Austric Languages

The Austric languages of India belong to the Austro-Asiatic sub-family. This category is further sub-divided into Munda and Mon-Khmer.

(i) Munda or Kol Languages:

Munda languages are the largest of the Austric group of languages. They consist of fourteen tribal languages. The Kherwari is the major group, which is current in Eastern India (Chota Nagpur, Orissa, Chhattisgarh and West Bengal) and includes Santhali, Mundari, Ho, Birhor, Bhumiej, Korwa and Korku (or Kurku). Santhali, Mundari, and Ho languages have a noteworthy literature preserved orally, consisting of songs and mythological romantic stories.

 

(ii) Mon-Khmer Languages:

Mon-Khmer group of Austric languages has two sub-groups— Khasi and Nicobari. Khasi languages are spoken by Khasi tribal people of Meghalaya, while Nicobari languages are the languages of the tribal people of the Nicobar Islands. Khasi used to be written in Bengali-Assamese script about a century ago. Through the influence of Welsh Methodist missionaries, the Roman alphabet has been adopted for Khasi and some literature has been produced.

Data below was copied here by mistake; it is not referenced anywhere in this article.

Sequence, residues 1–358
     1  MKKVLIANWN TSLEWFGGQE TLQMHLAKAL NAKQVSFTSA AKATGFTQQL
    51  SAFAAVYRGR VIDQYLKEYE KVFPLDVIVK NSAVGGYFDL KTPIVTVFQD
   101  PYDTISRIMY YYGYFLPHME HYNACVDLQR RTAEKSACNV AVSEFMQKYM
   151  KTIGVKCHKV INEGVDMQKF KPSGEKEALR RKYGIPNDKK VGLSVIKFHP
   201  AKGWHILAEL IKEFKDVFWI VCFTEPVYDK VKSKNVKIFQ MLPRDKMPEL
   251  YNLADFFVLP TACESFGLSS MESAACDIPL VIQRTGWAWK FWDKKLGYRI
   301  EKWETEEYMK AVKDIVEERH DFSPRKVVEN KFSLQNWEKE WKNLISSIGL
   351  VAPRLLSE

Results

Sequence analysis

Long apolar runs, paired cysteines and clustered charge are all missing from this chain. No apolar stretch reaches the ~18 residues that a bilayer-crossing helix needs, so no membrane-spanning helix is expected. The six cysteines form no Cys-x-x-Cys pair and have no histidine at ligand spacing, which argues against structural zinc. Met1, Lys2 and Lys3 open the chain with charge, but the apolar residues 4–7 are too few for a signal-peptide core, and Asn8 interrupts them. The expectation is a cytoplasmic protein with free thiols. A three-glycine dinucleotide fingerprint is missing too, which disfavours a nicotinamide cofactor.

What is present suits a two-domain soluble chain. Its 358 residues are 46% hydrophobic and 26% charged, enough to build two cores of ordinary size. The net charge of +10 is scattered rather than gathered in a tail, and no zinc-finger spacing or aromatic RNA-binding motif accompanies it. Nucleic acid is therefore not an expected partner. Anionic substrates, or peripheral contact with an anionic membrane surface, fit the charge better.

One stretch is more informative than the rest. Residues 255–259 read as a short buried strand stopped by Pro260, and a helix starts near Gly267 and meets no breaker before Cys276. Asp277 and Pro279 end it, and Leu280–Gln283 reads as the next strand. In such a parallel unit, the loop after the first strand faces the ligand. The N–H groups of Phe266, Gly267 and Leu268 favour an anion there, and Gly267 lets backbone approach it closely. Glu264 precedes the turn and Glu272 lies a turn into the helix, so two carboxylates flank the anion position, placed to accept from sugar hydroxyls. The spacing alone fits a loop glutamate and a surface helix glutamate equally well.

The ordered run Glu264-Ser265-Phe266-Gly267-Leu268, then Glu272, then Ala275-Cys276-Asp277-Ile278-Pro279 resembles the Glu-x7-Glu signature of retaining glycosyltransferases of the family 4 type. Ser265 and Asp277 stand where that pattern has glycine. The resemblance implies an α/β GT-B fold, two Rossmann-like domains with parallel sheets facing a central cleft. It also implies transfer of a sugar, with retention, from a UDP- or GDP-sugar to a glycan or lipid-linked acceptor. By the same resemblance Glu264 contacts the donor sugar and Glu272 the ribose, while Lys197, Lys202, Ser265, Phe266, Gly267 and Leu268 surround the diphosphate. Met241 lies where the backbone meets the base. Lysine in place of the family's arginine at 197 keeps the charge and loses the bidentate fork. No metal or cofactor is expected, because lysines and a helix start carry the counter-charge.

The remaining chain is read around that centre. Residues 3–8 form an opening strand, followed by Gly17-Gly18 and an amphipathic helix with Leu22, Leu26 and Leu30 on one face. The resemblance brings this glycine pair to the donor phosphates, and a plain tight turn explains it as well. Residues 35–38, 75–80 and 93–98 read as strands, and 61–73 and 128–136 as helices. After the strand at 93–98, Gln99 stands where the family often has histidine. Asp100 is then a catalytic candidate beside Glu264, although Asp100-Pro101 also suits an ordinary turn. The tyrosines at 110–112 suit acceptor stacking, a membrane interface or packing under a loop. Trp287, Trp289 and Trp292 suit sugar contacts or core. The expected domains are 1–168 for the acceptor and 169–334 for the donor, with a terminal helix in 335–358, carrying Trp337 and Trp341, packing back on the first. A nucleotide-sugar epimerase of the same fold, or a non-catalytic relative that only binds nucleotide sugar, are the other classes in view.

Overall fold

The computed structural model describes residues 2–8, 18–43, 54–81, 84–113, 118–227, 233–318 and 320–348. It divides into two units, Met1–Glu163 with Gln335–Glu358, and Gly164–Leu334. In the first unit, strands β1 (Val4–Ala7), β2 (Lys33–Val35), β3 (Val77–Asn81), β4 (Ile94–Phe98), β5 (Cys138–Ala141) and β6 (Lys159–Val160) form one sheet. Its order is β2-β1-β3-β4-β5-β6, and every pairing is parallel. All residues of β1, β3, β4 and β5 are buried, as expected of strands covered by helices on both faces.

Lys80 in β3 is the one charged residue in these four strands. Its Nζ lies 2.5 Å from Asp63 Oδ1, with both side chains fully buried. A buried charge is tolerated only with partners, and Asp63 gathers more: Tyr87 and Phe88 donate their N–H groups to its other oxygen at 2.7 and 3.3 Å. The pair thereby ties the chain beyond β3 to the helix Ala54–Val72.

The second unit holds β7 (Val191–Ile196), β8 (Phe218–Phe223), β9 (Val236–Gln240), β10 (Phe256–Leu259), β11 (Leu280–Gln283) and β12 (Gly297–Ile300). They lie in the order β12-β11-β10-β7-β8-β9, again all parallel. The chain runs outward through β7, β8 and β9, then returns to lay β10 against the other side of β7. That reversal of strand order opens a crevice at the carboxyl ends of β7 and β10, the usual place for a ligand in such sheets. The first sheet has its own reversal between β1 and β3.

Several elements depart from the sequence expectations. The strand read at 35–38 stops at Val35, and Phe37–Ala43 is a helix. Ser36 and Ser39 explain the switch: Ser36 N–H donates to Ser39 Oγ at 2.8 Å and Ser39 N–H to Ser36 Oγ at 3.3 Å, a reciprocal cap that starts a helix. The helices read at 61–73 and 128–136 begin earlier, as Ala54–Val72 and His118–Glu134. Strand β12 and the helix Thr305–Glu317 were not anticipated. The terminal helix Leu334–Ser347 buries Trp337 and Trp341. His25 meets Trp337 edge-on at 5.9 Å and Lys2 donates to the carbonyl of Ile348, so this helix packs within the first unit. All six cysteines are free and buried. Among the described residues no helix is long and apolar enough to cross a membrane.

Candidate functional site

1. Sino-Tibetan Languages:

The Sino-Tibetan languages are spoken by a variety of people. Depending upon the region of settlement, these languages are put into several groups and sub-groups. Sino-Tibetan languages have three major sub-divisions:

  1. The Tibeto-Himalayan.
  2. The North-Assam
  3. The Assam-Myanmari (Burmese)
  4. The Tibeto-Himalayan Languages:

 

The Himalayan group consists of 4 languages. They are Chamba, Lahauli, Kannauri and Lepcha. Kannauri is the most widely spoken language of the Himalayan group.

Tibetan, Balti, Ladakhi, Lahauli, Sherpa and Sikkim Bhutia are included in the Bhutia group of Sino-Tibetan languages. Ladakhi has largest number of Bhutia speakers. It is followed by Sikkim Bhutia and the Tibetan languages in that order.

The North Assam branch of languages of the Sino-Tibetan group is also called the Arunachal branch. It consists of six languages, such as Aka, Daflta, Abor, Miri, Mishnil and Mishing. Largest number of people speaks Miri language.

The Assam Myanmari Languages group of languages includes Boro or Bodo, Naga, Cochin, Kukichin and Myanmar groups. Naga is the largest speaking language of this group.

Besides these, the Sino-Tibetan group of languages has some other important languages. They are Manipuri, Garo, Tripuri, Mikir and Lusai. Lusai is also termed as Mizo.